Friday, November 24, 2006

Weather Science: on Nor'easters

I mentioned in my last post the "nor'easter" we had yesterday, and if you are not from the American Northeast, you may not be familiar with this term.

A Nor'easter is a substantial storm whose low-pressure center is just offshore, and whose prevailing winds come from the Northeast -- from the Atlantic Ocean. In my 17+ years in New York, I've been through many nor'easters, and they are characterized by moderate to high winds and LOTS of rain.

And cold. One must not forget that this a cold, soaking, dreary rain. This is an umbrella-slaying kindof storm, and I saw lots of dead umbrellas on the streets of Gotham yesterday.

I mentioned atmospheric pressure, and a change in this signalled the approaching storm. Over the past week at the diamond mine, we've been constructing and observing little homemade barometers (devices that measure atmospheric pressure). On Wednesday, we started to observe the telltale drop in pressure. Such drops in pressure often presage a coming front or storm.

Looking at my barometer (not homemade) here at the pad, I noticed that it continued to drop into Thursday. According to the National Weather Service archive it reached its low point at about 6:51(EST) yesterday afternoon (value = 1014.5 millibars). Now it is (officially) at 1020.5 millibars. Pressure usually rebounds after the leading edge of a storm passes through.

(As an aside: "standard" sea-level atmospheric pressure equals 1013.25 mb. Actual pressure varies widely above and below this average value over time and depending on location. The lowest recorded atmospheric pressure of 870 mb occurred in the Western Pacific during Typhoon Tip on October 12, 1979. The record high was 1086 mb, at Tosontsengel, Mongolia, on December 19, 2001.)

There is an interesting discussion of nor'easters on the wikipedia. There is some debate about the term and whether it is just some literary/media foppery or really a piece of New England nautical jargon.

In either case, the media always refers to them as "nor'easters" around here.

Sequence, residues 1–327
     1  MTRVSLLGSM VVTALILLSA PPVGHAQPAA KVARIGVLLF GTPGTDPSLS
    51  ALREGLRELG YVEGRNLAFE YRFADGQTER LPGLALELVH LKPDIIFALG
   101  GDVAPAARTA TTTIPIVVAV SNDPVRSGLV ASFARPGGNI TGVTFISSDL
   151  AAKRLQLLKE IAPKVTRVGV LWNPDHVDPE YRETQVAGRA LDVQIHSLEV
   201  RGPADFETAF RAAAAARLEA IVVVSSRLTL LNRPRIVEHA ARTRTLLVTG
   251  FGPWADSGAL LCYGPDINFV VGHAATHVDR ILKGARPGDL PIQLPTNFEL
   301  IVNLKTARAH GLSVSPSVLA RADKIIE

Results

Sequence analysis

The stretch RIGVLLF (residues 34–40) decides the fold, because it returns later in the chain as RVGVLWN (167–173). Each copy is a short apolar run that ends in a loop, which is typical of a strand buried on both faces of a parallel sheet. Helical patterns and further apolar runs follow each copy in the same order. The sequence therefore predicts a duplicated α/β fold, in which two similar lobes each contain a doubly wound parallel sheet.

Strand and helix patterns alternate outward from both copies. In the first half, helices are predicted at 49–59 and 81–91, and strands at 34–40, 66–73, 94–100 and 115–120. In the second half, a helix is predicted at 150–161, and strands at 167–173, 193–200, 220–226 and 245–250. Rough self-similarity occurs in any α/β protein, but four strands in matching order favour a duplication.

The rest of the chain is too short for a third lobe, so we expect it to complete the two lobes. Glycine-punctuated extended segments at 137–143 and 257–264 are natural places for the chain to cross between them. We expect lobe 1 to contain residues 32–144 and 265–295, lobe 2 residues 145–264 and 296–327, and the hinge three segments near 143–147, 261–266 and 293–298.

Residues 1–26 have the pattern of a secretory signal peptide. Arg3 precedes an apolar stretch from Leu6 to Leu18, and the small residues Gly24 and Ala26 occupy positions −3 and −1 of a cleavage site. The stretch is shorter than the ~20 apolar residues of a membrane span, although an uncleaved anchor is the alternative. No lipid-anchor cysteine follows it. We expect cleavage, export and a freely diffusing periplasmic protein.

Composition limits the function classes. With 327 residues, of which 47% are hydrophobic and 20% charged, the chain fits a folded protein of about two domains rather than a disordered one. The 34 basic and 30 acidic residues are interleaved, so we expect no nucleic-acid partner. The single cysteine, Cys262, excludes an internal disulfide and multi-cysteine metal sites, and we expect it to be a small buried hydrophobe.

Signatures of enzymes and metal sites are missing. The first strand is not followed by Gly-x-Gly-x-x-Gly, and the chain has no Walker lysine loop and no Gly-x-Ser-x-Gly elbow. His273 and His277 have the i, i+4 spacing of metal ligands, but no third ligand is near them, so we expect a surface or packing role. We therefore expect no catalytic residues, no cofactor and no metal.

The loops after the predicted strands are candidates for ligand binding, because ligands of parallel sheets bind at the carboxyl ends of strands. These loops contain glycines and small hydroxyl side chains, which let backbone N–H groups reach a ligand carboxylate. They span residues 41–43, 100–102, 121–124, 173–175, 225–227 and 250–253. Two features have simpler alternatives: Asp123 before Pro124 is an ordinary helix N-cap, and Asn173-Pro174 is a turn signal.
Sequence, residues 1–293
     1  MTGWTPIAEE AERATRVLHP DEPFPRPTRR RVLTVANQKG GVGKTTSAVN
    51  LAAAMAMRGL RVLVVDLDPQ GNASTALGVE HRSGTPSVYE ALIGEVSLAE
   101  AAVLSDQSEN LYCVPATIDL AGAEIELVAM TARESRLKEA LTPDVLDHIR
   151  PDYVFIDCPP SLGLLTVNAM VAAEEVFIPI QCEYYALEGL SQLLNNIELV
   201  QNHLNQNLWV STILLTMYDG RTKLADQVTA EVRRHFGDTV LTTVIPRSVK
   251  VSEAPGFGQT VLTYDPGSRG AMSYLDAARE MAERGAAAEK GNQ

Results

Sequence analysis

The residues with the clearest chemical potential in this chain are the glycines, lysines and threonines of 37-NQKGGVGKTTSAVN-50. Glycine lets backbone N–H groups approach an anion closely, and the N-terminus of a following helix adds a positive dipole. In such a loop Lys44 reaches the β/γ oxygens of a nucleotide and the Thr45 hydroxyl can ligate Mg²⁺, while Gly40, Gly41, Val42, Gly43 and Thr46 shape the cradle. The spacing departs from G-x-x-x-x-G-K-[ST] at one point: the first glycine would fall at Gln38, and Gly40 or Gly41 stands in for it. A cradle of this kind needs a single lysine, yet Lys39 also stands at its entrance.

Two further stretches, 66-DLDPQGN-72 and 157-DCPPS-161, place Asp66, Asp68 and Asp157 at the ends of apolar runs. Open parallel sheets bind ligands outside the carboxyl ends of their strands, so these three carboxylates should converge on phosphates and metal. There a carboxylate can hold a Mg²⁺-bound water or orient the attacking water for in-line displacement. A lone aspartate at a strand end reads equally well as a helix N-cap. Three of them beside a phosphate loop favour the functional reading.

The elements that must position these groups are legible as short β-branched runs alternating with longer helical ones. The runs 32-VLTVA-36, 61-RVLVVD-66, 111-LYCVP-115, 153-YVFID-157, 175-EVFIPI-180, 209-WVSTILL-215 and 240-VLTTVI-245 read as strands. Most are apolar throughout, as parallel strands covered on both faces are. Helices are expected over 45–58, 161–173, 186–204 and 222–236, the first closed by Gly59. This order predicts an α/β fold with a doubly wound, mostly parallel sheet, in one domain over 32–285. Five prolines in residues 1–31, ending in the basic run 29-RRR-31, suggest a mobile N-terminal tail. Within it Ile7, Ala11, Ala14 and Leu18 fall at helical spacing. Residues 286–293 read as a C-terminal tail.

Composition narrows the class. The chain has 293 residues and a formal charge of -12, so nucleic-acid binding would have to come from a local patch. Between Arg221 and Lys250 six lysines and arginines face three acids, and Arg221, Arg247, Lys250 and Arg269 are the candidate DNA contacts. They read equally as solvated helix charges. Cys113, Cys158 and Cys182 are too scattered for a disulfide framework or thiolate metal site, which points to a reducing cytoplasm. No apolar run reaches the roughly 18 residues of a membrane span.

It says in the wikipedia article that these storms typically happen during the winter months or sometimes during the spring. Personal memory suggests to me that in New York, at least, they are most common in the month of December. So yesterday's was a bit early.

Today is beautiful: all that wet has blown back out to sea, and we're left with clear skies, a little more warmth and some dry air in which to commence our shopping madness.

Addendum: How to make a simple barometer
I got this "recipe" from the Pearson-Prentice Hall Science Explorer series, but made some slight modifications. It's very easy.

You'll need a balloon (not inflated), a jar (I used a 800 mL glass beaker), a drinking straw, some scotch tape and some cardboard. Oh, and something to write with. And scissors. And a little bit of modeling clay.

  1. Cut the neck off of the balloon.
  2. Fold back the edges of the balloon and carefully stretch it over the mouth of your jar (beaker). It should form a membrane like a drum over the mouth of the jar. A wide-mouthed jar is best. No air should be able to get in or out of the jar. (This is a species of aneroid barometer) The textbook said to use a rubber band to secure the balloon around the jar. I didn't find this necessary, so we skipped it.
  3. Tape one end of a drinking straw onto the center of the balloon membrane. (The text recommended glue - what a pain that is! Just use tape.)
  4. Using a strip of cardboard, create a scale in 1/2 cm increments along the edge, so that when the cardboard is stood up, the straw will point to this scale. I see this is rather hard to describe without pictures. Probably, it would be worthwhile to make the scale in 1 mm increments, if you have the patience.
  5. Fashion a little pointer out of modeling clay and stick it too the end of the straw that is to point to your scale.
  6. Pick a place for your barometer away from heat sources and secure both the cardboard scale and the jar so they don't move.

Obviously, this is very rudimentary. You won't get calibrated millibars or other units out of it, but if you've done a good job, you should see the pressure increase and decrease appropriately. It's really the change in pressure that is significant, not so much it's absolute value.

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